I had just missed this happening, and when I knocked on the window, I scared the crap out of the people in the office. Of course, the manager in me kicked in. I told Aaron to call over and tell the staff to close the Lounge and Campus Center, which had already been done (my staff is awesome). I then grabbed my BEL radio and called my boss to see if she had heard anything.

Over the next few minutes, my boss and I were frantically trying to figure out whether the situation was a drill or legitimate lockdown situation. I am so thankful I’m a BEL because the notification that we were on lockdown came across the radio before the text and email notifications were sent out.

After that, it was a waiting game, and we wound up waiting for nearly four hours as the JCCC police, Overland Park Police and SWAT and the Johnson County Sheriff Department searched our campus for the woman with the gun. We got a few text notifications, but honestly, Twitter was our best source of information. I sat in my office, my heart in my throat, trying my best to put on a brave face for the five students who were hiding in my conference room watching the local news over the internet. We’d trade news back and forth, jumping at every single thump we heard.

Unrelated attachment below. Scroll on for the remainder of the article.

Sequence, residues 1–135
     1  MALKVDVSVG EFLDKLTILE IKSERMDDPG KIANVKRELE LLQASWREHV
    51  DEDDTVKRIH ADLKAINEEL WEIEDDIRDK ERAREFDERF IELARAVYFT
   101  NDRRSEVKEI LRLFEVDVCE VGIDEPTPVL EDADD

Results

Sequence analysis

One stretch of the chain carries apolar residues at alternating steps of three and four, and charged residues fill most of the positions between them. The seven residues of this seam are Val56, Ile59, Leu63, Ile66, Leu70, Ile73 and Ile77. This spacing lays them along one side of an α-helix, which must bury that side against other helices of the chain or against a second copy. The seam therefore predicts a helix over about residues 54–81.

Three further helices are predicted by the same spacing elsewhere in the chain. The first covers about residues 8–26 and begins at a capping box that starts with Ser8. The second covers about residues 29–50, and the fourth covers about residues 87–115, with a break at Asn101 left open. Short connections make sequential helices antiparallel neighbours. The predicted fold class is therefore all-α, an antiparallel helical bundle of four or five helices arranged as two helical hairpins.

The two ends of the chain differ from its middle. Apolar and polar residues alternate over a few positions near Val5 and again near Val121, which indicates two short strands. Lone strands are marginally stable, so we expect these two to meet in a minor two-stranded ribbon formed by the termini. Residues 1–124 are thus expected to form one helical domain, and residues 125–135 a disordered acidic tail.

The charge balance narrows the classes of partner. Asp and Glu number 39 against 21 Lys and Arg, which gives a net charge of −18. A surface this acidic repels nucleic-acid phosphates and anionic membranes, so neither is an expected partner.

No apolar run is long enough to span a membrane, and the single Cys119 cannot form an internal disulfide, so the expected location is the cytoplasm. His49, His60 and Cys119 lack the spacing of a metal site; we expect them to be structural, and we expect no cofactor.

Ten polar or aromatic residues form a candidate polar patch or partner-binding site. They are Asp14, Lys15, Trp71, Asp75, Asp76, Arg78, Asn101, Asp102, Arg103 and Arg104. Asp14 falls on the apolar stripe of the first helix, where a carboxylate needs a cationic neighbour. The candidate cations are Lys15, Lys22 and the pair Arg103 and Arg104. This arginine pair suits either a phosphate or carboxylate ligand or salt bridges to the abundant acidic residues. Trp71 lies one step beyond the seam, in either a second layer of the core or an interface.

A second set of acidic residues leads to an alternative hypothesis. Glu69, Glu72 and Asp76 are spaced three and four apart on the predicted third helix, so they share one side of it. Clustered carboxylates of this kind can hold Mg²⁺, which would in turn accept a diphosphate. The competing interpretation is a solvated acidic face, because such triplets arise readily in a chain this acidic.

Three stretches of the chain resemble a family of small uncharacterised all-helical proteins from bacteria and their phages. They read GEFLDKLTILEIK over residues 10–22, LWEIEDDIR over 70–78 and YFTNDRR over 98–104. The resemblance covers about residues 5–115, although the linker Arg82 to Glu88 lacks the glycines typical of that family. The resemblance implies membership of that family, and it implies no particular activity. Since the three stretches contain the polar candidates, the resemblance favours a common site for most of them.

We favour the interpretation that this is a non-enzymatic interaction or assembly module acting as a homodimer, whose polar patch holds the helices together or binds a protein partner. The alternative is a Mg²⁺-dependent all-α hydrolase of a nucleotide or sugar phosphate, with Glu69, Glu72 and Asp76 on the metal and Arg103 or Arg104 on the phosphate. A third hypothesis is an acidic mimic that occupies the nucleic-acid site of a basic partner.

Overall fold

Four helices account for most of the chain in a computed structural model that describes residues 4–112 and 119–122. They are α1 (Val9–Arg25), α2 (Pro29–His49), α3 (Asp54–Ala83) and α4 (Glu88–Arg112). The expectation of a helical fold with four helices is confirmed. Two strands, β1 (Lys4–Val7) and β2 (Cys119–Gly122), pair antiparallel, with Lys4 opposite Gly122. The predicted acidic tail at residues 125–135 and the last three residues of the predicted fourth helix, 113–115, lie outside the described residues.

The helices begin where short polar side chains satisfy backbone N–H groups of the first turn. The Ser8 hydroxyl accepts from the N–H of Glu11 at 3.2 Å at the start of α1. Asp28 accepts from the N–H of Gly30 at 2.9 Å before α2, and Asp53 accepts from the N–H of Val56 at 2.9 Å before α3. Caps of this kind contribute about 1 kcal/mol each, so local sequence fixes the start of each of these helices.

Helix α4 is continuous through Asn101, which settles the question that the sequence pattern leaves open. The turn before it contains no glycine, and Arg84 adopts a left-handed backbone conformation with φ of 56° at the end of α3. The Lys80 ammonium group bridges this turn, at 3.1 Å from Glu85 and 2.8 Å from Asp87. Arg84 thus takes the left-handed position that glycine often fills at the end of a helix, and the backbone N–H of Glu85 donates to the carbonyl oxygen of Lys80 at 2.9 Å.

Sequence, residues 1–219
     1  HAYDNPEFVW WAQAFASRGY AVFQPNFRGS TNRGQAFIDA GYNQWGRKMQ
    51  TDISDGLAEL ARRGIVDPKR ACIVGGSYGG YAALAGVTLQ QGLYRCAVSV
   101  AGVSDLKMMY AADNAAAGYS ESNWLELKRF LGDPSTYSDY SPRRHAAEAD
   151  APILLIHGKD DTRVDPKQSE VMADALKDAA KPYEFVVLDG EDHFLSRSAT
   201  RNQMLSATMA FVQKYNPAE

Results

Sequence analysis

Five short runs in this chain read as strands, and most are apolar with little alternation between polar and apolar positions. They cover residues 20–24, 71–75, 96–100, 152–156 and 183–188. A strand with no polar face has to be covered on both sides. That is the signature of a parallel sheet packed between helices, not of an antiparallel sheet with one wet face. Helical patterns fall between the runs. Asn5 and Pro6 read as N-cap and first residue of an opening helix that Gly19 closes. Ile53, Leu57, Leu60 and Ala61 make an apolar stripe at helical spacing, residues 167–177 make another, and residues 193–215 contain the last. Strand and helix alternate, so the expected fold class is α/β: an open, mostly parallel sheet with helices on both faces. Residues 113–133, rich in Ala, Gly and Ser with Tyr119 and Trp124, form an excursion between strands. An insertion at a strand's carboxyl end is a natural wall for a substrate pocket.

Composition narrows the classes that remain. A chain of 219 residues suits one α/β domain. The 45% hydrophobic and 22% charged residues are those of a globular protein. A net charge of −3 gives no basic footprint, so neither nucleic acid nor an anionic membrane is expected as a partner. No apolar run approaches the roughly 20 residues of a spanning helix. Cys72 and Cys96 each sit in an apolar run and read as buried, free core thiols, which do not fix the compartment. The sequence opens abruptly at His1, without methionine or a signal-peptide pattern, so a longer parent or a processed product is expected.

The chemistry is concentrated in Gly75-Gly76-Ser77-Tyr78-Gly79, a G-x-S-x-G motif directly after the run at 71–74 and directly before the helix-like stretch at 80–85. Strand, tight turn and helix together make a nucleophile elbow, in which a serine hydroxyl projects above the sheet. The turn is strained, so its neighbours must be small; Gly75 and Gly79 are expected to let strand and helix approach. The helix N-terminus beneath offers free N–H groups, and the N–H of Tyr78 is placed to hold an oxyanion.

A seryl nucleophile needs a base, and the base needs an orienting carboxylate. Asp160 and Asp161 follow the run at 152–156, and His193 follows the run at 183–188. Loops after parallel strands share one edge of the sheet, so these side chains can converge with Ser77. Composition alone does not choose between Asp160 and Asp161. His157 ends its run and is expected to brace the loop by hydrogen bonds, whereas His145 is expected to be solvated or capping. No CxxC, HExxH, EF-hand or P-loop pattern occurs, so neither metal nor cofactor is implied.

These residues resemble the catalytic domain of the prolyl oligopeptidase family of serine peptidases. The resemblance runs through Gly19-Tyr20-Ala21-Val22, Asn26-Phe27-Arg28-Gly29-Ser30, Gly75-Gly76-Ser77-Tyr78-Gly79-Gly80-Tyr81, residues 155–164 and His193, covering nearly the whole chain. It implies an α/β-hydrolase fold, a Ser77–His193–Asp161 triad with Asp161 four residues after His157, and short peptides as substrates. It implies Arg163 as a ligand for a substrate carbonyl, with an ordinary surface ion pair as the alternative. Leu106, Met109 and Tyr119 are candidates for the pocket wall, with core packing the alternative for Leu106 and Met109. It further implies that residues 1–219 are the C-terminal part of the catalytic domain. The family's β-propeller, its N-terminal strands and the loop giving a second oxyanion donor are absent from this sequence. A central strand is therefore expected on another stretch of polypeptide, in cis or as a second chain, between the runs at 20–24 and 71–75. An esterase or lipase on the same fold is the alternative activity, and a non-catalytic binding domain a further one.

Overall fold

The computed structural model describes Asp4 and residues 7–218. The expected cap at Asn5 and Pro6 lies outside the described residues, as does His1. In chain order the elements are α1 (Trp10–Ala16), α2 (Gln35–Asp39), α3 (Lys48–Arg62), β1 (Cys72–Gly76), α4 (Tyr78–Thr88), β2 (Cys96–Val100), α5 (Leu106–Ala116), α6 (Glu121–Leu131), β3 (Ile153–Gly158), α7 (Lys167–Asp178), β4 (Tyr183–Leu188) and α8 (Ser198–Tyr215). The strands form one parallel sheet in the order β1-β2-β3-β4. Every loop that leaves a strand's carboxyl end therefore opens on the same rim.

I will say that I am so thankful that I had Aaron in the office. His experience as a former Marine was invaluable as he would reassure me after every thump and bump that it wasn’t a gunshot but a door shutting or the AC kicking on or whatever it was. He kept my sanity in check. I don’t know what I would have done without him.

Eventually, around 6:30 p.m., we heard the police evacuating the Student Lounge and Campus Center. That was the greatest sound ever, because we knew we were next. But the minutes between evacuating those rooms and ours stretched on for what seemed like an eternity. We knew that they had to sweep each room to ensure that no one remained and that the woman with the gun wasn’t hiding anywhere, but we just wanted to run for the safety of our cars so we could rush to the safety of our homes so bad. Not to mention every single one of us had to use the bathroom so badly. But the police soon came to our rescue.

But my job wasn’t done quite yet. The police had already cleared the first and second floors on the COM, but they had missed my boss’ office and the Campus Ledger staff, so I had to speak to the police to tell them where to go. I can now cross “Spoke to a man carrying an assault rifle” off my bucket list.” :-/